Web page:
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Thursday 17 October 2019

That name rings bell, but it's for the wrong Taoiseach

Senan Molony Deputy Political Editor

GOVERNMENT bungling means the Department of the Taoiseach is still suggesting to callers that Bertie Ahern is in charge.

Two phone numbers in the 01-area directory for Brian Cowen's department feature recorded messages that explain how to get in contact with Bertie Ahern.

The voice recordings on the numbers 6621010 and 6621011 for the 'Taoiseach's constituency office' do not direct callers to Tullamore -- but to Drumcondra.

Although certain to be changed now, the answering messages have been treating Bertie Ahern as Taoiseach for four months since his resignation, and three months since Brian Cowen officially acceded to the highest office in the land.

"Thank you for ringing the office of An Taoiseach," announces the message, before going on to supply another number for "Bertie Ahern's constituency office".

Meanwhile, on the flip side of the coin, it seems some people can't even remember what former Taoiseach Bertie Ahern actually looks like.

A trading card featuring Mr Ahern has been up for auction for a week on eBay, and nobody has thrown in a bid.

The card, from an American series of 'World Leaders of 2008', is already out of date -- Brian Cowen having seized the throne.

But that's perhaps not why nobody has had a nibble at the auction, which ends today, despite its mere $1.99 starting price.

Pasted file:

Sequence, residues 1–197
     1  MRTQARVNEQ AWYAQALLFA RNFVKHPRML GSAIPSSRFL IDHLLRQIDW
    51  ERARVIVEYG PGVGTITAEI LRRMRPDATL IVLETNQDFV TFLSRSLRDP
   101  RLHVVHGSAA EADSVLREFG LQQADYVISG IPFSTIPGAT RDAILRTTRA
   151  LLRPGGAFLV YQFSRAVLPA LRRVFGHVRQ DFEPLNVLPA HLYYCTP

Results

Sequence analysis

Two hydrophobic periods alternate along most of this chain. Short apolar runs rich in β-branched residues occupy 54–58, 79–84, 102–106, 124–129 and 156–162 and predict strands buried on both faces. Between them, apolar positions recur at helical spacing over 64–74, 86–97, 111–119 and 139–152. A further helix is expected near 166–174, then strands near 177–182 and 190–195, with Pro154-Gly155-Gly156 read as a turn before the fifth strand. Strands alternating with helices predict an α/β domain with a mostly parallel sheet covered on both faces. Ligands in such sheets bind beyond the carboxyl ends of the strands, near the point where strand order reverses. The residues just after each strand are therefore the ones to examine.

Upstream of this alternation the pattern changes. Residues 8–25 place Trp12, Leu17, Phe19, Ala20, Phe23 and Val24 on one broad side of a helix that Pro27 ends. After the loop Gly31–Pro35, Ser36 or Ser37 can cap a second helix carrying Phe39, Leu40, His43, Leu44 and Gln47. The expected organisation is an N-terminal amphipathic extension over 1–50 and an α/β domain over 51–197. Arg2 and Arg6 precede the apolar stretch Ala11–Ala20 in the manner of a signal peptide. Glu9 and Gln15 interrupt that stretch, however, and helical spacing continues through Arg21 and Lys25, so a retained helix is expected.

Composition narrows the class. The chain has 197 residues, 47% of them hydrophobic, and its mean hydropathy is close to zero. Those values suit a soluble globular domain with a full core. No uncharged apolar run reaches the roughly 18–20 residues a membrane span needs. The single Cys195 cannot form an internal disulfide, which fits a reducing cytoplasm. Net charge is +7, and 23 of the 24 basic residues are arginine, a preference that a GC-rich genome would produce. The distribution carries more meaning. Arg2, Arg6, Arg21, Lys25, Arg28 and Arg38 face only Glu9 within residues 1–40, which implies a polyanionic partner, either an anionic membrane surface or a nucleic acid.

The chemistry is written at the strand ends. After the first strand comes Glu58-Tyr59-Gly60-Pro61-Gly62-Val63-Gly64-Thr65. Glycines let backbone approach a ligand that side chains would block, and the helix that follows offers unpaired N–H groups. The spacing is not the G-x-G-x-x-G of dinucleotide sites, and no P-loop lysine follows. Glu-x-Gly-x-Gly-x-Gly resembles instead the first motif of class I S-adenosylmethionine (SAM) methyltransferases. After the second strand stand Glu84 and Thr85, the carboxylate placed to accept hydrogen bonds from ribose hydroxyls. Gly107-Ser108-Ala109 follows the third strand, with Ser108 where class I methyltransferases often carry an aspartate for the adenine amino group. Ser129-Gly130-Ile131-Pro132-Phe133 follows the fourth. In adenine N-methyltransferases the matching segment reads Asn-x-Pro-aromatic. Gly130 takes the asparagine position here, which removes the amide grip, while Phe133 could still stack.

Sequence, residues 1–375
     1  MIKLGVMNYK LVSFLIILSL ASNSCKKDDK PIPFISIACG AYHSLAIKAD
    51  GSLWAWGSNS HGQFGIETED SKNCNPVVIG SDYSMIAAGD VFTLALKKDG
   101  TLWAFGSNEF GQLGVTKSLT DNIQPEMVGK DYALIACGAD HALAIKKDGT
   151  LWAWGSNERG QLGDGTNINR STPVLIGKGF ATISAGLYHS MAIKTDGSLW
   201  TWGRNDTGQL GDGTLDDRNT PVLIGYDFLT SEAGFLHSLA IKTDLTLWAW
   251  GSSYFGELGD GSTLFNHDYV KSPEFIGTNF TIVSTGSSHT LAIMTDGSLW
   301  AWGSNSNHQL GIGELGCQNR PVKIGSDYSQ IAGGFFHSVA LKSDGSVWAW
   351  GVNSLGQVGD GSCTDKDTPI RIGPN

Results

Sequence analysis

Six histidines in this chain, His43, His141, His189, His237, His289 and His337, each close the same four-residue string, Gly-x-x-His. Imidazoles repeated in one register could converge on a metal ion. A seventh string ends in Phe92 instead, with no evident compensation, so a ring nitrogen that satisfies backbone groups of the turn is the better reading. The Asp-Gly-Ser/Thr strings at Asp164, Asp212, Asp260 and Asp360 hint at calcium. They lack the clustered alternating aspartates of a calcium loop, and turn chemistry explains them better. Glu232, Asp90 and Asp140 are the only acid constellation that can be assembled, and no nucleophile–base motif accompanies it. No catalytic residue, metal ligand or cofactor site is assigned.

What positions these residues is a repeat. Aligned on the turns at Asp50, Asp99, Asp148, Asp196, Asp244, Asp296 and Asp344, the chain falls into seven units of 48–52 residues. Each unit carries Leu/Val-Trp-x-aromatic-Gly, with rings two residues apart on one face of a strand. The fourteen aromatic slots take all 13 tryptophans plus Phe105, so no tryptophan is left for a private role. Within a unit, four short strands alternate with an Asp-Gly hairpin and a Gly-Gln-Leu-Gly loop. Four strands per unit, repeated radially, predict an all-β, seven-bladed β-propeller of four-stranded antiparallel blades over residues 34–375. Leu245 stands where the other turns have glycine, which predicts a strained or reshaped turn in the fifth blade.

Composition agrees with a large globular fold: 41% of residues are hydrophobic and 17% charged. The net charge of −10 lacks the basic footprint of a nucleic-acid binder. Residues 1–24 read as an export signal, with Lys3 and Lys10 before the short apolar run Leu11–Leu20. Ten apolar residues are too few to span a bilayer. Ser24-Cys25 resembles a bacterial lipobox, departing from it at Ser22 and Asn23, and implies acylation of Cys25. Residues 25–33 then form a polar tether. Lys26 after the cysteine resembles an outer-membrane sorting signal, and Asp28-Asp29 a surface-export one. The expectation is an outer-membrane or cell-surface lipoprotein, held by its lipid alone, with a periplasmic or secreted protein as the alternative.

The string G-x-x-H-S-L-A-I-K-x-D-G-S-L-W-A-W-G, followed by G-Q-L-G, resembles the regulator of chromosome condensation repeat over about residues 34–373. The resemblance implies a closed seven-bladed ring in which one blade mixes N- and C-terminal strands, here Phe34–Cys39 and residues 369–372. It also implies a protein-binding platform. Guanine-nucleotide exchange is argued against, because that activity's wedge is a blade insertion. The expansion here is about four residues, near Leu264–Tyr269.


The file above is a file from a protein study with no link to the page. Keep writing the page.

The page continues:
Instead, it's probably got something to do with the fact that the person depicted as the leader of Ireland is anyone but our Bertie.

Map

The Topps Allen & Ginter's 2008 card -- auction number 300249955660 -- features a map of Ireland in brown, with Northern Ireland in orange.

And alongside is someone even more difficult to recognise.

But last night it was revealed as an image of Hans Pottering, president of the European Parliament.

This raises the disquieting question: Has Brussels secretly taken over this country in revenge for our rejection of the Lisbon Treaty?

The Topps organisation, which has an Irish presence in Cork, admitted yesterday that it had made a mistake.

The 'Leaders' series originated with its New York parent firm and the error had the firm -- renowned for its baseball cards -- profuse with apologies.

"We are investigating how this regrettable error came about," a company source said. "Topps rightly prizes its reputation for accuracy and the matter is under investigation."

Other cards in the series are recognisable as the person depicted, although Ehud Olmert (Israel) has also recently resigned, while George W Bush is unmistakably on his way out of office.

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